Woe To David’s City (Isaiah 29)

Scripture Text:

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Isaiah 29

Again and again, Isaiah blasts the Israelites for a superficial faith – all words and no heart. Notice that hundreds of years in the future, Jesus quoted verse 13 of today’s text. Apparently Isaiah words applied precisely to the Israelites of Jesus’ day too (Mark 7:6, 7).

1. In what part of your family heritage do you take special pride? What part is less flattering, even embarrassing, to talk about?

2. What things do you display around the house (even on your refrigerator) that you once made with your hands (out of clay, wood, metal, etc.)? Which creation do you treasure the most?

3. In calling David’s city “Ariel” (which sounds like “altar hearth” in Hebrew), what word play is Isaiah making here (verses 1, 2, 7)? What happened regularly on the temple’s altar that Isaiah is warning is mere lip service and unintelligible at that (verses 4, 13)? Who is being criticized in this mockery of the city’s unwarranted hope in their immunity from God’s judgment?

4. Although it will be the Assyrian army outside their gates, who is really encamped against Jerusalem (verse 3; also Isaiah 28:21)? How would this realization affect the city’s proud leaders (verse 4; compare also Isaiah 28:14, 15)? What might they expect to happen next?

5. Instead, what serendipity will God bring about, “in an instant” (verses 5 – 8)? What will happen, like a dream in the night, to those who have been devastating Jerusalem (see Isaiah 10:5 – 19 and 27:1; which refer to the destruction of Assyria’s army in 701 B. C.)?

6. Even though the 11th hour defeat of Judah’s enemies has been foretold, what effect will these events have on the people (verses 9 – 14)? What will the impact be, specifically, on the prophets and seers? On the uneducated? On the literate? On the wise and intelligent?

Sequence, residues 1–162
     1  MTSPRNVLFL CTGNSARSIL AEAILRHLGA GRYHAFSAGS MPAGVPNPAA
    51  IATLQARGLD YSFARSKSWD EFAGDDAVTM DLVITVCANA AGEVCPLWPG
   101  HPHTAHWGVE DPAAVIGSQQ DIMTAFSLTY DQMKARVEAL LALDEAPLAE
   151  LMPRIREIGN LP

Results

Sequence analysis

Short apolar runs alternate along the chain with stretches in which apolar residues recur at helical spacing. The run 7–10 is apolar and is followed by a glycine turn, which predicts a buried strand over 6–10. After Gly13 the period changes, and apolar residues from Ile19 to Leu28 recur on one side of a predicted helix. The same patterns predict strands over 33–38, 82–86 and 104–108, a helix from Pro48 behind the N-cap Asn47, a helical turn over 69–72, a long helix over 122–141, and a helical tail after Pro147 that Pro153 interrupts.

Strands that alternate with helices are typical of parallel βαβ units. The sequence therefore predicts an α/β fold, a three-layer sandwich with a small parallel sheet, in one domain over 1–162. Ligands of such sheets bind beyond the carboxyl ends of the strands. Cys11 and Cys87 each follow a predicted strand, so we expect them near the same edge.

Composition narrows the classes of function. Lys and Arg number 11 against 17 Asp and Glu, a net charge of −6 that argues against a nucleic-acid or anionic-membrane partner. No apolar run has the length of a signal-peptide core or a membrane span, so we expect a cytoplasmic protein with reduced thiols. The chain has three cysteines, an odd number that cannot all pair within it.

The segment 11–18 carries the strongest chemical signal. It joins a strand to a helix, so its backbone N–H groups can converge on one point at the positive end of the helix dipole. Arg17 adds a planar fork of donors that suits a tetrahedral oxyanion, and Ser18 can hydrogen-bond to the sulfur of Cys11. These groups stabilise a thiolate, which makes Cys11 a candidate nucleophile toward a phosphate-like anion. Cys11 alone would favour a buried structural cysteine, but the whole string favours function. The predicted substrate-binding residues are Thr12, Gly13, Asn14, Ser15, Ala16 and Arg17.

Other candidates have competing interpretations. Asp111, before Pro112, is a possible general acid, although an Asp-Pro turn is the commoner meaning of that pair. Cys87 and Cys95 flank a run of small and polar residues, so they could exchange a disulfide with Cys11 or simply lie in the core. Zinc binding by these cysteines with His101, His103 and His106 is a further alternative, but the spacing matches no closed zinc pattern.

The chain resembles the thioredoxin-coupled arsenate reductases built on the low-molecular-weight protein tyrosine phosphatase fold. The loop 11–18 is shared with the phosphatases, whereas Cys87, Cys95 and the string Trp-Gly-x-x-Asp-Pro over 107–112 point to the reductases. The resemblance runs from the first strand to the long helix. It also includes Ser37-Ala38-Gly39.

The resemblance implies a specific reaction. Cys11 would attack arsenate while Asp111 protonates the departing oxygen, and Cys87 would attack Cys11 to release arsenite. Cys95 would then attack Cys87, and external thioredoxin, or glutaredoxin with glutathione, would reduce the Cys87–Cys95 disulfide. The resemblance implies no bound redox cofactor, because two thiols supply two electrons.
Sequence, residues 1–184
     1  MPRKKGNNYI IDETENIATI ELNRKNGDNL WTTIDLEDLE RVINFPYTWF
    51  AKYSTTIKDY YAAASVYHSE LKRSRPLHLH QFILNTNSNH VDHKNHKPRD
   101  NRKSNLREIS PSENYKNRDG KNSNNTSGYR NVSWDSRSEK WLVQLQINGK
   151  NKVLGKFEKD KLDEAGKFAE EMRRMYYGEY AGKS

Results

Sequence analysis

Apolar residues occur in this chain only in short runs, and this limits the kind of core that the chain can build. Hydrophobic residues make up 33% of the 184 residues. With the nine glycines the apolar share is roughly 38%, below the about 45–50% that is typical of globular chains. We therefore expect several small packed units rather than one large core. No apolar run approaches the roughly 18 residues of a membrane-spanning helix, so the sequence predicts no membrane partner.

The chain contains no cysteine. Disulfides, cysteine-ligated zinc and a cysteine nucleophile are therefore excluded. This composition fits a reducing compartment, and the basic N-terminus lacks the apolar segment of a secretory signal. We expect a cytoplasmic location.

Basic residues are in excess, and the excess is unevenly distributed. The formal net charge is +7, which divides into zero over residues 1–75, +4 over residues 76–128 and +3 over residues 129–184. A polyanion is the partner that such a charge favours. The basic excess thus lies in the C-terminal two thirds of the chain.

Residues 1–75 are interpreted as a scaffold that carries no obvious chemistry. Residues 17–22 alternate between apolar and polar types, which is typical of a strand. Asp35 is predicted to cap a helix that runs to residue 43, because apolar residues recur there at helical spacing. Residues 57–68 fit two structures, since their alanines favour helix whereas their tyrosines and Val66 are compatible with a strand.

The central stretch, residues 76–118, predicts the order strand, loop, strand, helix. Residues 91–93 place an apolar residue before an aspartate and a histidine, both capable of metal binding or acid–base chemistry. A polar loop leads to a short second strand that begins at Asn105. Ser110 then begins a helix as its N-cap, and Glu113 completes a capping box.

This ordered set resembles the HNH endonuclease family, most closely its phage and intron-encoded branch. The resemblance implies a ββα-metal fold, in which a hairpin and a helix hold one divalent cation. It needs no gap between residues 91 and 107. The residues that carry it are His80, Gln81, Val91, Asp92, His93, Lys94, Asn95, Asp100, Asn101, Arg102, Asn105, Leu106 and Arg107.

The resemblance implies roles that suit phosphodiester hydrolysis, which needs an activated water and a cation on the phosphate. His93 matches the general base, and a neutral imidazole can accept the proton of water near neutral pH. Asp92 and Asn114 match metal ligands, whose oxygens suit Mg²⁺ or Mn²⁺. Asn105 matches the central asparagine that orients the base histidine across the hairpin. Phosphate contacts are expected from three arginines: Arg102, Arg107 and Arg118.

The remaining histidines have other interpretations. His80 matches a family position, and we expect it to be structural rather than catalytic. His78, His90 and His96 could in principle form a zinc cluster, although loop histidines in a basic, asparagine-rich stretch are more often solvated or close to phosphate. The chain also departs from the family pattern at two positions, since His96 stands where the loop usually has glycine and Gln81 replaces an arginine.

7. How do you account for why they are so unable to grasp what Isaiah is saying to them (verses 10 – 13; compare Isaiah 26:8)?

8. Verses 15 – 24 comprise another “woe” to the leaders of Jerusalem. What hidden agenda do you think was going on in their hearts or behind closed doors to bring on this woe (verses 15 and 16)? What does such secrecy show about their view of God?

9. What will be the future of these unjust leaders (verses 20 and 21)? By contrast, what will become of their victims (verses 17 – 19)? What irony do you see here (compare verses 10 – 12)?

10. What will be the net result of all that the Lord promises to do (verses 22 – 24)?

11. What spiritual high (verse 9), human rules (verse 13) or hidden agenda (verse 15) do those in political and religious circles today use to try to keep God on “their side”, regardless of what is going on in their hearts? What such rituals or routines do you see in your church?

12. In reference to Question #11a, which of these traps do you fall into at times? When was the last time you tried to sneak something past God so He wouldn’t notice? What did the “Potter” then say to the “clay”? What else would it take to break you out of such presumptuous thinking (that God the Creator is like we humans – His creation)?

13. Describe a time when God turned things around for you “in an instant” (verse 5). What were you doing at the time when you were “surprised by joy”? How did God show His love to you in a special, personal way? What does such serendipity show you about God’s grace?

14. The apostle Paul echoes Isaiah in saying that the “wisdom of the wise” (which advocates that people find spiritual reality in some other way than Christ) will perish (see 1 Corinthians 1:19). Have you found Christ to be a more reliable ally in your spiritual life than the other alternatives people turn to? Why? What does this ally do to your faith in God?

15. How has Jesus opened your ears and eyes to learn His message in a way you never could before? In what ways do you still feel like you can’t quite hear or see what’s going on in Isaiah? What hope do the promises in verses 17 – 24 give you even in that situation?

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